RICHMOND, Va. (AP) — A panel reviewing Virginia's rules on hydraulic fracking for natural gas devoted much of its first meeting Wednesday to discussing the chemicals used in the process.
The advisory panel grappled with the question of how much energy companies should be required to disclose about the chemicals they inject at high pressure into shale and rock formations to dislodge gas and oil. Water and sand is also used. Chemical disclosure varies widely from state to state.
The meeting convened by the Department of Mines, Minerals and Energy was just a first step in developing new drilling rules for the process, but the review comes with hydraulic fracking expected to shift to a new frontier in Virginia.
Thousands of wells have been drilled in Virginia's Coalfields region for natural gas, but the estimated 1 trillion cubic feet of the resource in the Taylorsville Basin could see well pads dotting the landscape of the state's coastal plain.
A Dallas energy company, Shore Oil and Exploration Corp., has leased approximately 84,000 acres in five counties in the Fredericksburg area. The company has said it hopes to start drilling by 2015.
The prospect of injecting a mix of chemicals into an area near the Chesapeake Bay has raised concerns among local officials.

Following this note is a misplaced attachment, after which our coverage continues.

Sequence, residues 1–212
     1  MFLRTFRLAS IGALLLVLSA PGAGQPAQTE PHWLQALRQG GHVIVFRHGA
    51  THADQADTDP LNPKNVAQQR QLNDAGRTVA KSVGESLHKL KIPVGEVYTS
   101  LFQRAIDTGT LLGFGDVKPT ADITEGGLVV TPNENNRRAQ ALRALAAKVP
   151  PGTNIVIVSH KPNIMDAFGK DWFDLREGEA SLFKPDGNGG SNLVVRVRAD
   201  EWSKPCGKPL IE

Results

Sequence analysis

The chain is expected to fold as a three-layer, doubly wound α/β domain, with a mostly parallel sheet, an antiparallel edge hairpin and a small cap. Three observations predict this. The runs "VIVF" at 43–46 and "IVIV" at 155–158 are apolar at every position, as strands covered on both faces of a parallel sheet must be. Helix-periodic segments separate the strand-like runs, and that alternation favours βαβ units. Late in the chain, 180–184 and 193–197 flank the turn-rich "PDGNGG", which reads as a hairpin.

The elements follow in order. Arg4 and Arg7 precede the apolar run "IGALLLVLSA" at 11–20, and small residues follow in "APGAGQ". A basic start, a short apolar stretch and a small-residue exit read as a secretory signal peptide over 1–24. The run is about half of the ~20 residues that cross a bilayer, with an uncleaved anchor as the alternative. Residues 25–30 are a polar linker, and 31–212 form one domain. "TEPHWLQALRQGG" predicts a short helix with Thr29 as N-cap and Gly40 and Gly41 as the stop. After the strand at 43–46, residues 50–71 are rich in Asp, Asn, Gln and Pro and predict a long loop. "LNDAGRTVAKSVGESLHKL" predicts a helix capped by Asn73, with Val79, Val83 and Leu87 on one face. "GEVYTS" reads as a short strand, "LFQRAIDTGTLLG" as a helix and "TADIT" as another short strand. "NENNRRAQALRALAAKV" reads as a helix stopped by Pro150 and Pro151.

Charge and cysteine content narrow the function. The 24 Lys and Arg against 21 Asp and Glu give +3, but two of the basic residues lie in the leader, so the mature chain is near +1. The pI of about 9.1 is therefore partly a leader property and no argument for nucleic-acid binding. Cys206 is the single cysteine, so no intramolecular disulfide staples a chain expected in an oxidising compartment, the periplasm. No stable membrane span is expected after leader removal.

Eric Gregory, county attorney for King George County and a member of the panel, said there are many unanswered questions about drilling's impact on "ground water, its impact on surface water, its impact on the visual aspects of the county."
"There's a laundry list," he said after the meeting. "We're trying to get our hands around it."
Gregory said emergency responders, for instance, want to know the full array of chemicals used in drilling so they can respond appropriately in the event of an accident. While some drilling companies will provide a list of chemicals, they won't reveal precise recipes used in drilling.
Gregory wondered if the companies could confidentially provide that information to emergency responders to ensure their trade secrets are not revealed.
M. Ann Neil Cosby, an attorney representing Caroline County who also sits on the advisory panel, said "more disclosure is better than less."
"Chemical mixtures can have different impacts," she said. "If there's a legitimate reason they should be disclosed, I would say absolutely."
Kevin Elkins is a general manager with CNX Gas, the biggest producer in the state, and a member of the Virginia Oil and Gas Association. He also sits on the advisory board.
"I think the industry supports full disclosure, but they also understand that companies have proprietary ingredients and formulas so there has to be a balance," Elkins said.
Asked if the industry would share the information with emergency responders on a confidential basis, he said, "I think so."
The advisory panel scheduled its next meeting for July. It is expected to make its recommendations to the DMME in August, but that date could be moved back.
The advisory panel grappled with the question of how much energy companies should be required to disclose about the chemicals they inject at high pressure into shale and rock formations to dislodge gas and oil. Chemical disclosure varies widely from state to state.